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Lucky Gunasekara calls himself a “guerrilla” health care worker.
Instead of burying his head in the books, the 25-year-old Stanford medical student is jaunting off to East Africa and training village health workers how to use an open-source SMS platform to keep track of patients. He and partner Josh Nesbit are developing Frontline SMS:Medic, which uses one-to-one and group text messaging to deliver health care in disparate and remote parts of Sub-Saharan Africa.
“We started asking what can we do as an independent, grassroots, free and open-source tech movement to create change?” he said in an interview at the Social Capital Markets conference in San Francisco. “There are definitely mobile health solutions out there, but they’re expensive.”
Nesbit, whose mother fell in love with in Malawi several years ago and introduced him to the culture, began a pilot last summer using donated mobile phones, a computer and a modem. Some of the workers had never used a mobile phone before, so Nesbit had to teach them how to text.
Basically, doctors in central hospitals in Malawi needed a way to communicate with health workers in remote villages. Before, if a patient dropped off the radar or wasn’t following through with care, the main way a doctor would know if something went wrong is if they sent someone out there physically by motorbike. That was inefficient in Nesbit’s eyes, especially because the country is suffering from a doctor shortage.
“Hospitals were spending tons of money sending nurses around to check on patients randomly,” he said.
With the cell phones and the SMS system, Nesbit could deliver a single cell phone to every village under a hospital’s watch. If somebody was injured by an accident or suffered a burn, they could call on the village health worker to text the hospital back for treatment instructions.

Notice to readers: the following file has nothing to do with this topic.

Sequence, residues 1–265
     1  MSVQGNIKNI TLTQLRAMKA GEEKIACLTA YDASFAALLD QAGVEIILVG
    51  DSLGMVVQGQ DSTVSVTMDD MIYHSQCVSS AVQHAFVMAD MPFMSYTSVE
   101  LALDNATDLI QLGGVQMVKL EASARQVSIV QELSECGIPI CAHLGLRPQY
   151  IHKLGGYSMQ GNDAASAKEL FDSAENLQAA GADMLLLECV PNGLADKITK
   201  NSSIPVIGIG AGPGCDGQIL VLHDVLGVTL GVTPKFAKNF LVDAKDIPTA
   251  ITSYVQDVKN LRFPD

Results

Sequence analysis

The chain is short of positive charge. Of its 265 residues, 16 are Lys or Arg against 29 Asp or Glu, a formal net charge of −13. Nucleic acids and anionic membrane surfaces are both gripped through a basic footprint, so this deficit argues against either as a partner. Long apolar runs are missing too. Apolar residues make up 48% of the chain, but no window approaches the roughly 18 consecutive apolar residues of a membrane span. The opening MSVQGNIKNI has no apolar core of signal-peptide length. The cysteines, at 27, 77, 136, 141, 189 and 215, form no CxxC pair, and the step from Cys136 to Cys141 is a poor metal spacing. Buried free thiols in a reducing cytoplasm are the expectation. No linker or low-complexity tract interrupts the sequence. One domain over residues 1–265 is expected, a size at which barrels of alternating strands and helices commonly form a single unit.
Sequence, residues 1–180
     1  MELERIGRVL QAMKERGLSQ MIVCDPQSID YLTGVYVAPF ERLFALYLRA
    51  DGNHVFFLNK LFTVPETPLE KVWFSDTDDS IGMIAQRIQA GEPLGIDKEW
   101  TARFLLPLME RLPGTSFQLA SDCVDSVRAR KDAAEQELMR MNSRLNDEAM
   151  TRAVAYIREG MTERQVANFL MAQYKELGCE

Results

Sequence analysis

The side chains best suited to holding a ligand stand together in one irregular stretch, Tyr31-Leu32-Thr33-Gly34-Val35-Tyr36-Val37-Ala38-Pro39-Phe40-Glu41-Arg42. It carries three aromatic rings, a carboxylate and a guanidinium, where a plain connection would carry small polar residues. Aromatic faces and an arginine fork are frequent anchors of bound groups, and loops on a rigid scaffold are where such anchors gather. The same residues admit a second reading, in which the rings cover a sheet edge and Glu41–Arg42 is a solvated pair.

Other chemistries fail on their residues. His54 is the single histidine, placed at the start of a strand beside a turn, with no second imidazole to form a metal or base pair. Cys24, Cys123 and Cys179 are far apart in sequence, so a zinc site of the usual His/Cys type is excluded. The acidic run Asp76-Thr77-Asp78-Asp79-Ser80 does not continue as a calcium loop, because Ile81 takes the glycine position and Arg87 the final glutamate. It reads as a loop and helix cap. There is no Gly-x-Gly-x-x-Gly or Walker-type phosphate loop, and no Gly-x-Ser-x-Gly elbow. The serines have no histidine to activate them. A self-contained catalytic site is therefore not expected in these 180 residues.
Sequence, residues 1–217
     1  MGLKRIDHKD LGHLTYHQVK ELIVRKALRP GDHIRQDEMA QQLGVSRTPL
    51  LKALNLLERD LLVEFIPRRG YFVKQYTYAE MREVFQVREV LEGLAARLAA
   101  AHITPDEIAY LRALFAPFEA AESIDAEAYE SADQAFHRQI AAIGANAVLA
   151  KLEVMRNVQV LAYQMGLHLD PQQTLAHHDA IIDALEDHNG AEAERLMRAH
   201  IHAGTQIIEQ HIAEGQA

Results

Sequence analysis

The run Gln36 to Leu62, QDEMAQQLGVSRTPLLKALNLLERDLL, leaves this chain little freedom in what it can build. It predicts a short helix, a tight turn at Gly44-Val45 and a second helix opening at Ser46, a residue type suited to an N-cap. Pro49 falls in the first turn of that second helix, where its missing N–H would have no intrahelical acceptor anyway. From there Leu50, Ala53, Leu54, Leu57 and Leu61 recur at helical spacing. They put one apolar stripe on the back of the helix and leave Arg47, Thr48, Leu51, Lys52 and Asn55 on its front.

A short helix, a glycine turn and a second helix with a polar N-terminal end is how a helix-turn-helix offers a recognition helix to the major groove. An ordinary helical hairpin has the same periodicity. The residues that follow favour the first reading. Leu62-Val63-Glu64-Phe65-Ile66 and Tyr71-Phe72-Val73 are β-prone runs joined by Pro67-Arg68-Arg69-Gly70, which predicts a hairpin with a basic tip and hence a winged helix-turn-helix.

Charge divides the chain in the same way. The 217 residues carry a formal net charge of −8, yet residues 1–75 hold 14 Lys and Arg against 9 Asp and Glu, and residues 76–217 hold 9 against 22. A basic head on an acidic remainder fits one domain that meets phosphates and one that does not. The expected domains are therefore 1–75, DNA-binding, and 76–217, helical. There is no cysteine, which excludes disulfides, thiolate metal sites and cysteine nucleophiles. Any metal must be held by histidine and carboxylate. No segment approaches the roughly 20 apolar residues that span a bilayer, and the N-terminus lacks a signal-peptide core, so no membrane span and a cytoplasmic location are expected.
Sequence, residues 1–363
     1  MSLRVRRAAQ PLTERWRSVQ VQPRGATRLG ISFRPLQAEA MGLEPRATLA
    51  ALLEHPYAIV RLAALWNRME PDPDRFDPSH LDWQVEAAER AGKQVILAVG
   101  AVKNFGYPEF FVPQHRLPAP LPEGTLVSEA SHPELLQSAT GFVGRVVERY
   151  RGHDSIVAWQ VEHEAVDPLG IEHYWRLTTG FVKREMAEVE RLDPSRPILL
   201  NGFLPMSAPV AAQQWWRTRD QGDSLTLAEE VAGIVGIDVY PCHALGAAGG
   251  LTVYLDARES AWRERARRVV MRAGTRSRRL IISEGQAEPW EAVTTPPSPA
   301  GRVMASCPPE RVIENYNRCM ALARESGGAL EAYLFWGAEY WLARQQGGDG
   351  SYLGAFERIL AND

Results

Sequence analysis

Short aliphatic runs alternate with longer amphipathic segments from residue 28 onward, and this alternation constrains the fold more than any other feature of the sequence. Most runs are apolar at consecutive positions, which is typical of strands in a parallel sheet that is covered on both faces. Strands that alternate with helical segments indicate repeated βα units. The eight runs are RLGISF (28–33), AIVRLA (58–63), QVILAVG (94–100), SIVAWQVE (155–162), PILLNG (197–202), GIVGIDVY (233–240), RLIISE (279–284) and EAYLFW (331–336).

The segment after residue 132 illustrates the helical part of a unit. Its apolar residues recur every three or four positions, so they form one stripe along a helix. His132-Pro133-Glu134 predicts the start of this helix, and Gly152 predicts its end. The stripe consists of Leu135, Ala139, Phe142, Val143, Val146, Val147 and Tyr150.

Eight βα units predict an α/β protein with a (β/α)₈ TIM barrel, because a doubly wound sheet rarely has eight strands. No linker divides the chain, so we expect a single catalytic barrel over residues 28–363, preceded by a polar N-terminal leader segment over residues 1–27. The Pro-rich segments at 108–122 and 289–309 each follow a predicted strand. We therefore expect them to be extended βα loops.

The group is trying to scale up through a project called HopePhones, where owners donate their old phones. They then take the phones, recycle them through a company called The Wireless Source and use the proceeds to buy new Nokia phones (which makes it easier to standardize instructions). Since piloting the program last year, they’ve gone from training 85 health care workers to 1,000 and are hoping to double that by next year. Gunasekara is trying to grow the project Obama campaign-style, relying on bands of college students eager to code or volunteer in Africa on research grant money. They’re trying to train local African university students to manage the program as well.
Gunasekara is also working with other researchers, who are hacking basic candy bar phones to deliver advanced diagnostic capabilities. A partner, Aydogan Ozcan, a UCLA electrical engineering professor, figured out a way to turn a cell phone into a portable blood tester capable of detecting HIV and malaria all with a LED, plastic light filter and some wires.
They haven’t decided whether to make Frontline SMS: Medic a for-profit or non-profit.
“We never want to stop making this free and open source. Maybe we’ll pursue more of a Red Hat model where we’re like a tech consultancy that’s very transparent and cheap,” he said.
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